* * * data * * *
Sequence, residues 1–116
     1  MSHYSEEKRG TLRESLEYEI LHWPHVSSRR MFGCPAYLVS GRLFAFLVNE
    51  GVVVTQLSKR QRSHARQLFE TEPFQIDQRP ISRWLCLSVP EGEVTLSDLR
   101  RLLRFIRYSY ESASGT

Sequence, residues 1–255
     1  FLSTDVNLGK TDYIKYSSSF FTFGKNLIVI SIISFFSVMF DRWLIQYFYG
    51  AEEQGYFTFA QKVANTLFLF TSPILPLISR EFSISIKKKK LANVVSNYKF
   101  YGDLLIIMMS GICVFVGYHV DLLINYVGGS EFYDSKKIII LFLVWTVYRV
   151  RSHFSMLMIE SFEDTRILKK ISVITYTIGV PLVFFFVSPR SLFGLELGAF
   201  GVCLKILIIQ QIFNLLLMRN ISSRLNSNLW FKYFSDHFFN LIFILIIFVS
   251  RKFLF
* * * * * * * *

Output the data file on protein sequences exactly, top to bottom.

Sequence, residues 1–116
     1  MSHYSEEKRG TLRESLEYEI LHWPHVSSRR MFGCPAYLVS GRLFAFLVNE
    51  GVVVTQLSKR QRSHARQLFE TEPFQIDQRP ISRWLCLSVP EGEVTLSDLR
   101  RLLRFIRYSY ESASGT

Sequence, residues 1–255
     1  FLSTDVNLGK TDYIKYSSSF FTFGKNLIVI SIISFFSVMF DRWLIQYFYG
    51  AEEQGYFTFA QKVANTLFLF TSPILPLISR EFSISIKKKK LANVVSNYKF
   101  YGDLLIIMMS GICVFVGYHV DLLINYVGGS EFYDSKKIII LFLVWTVYRV
   151  RSHFSMLMIE SFEDTRILKK ISVITYTIGV PLVFFFVSPR SLFGLELGAF
   201  GVCLKILIIQ QIFNLLLMRN ISSRLNSNLW FKYFSDHFFN LIFILIIFVS
   251  RKFLF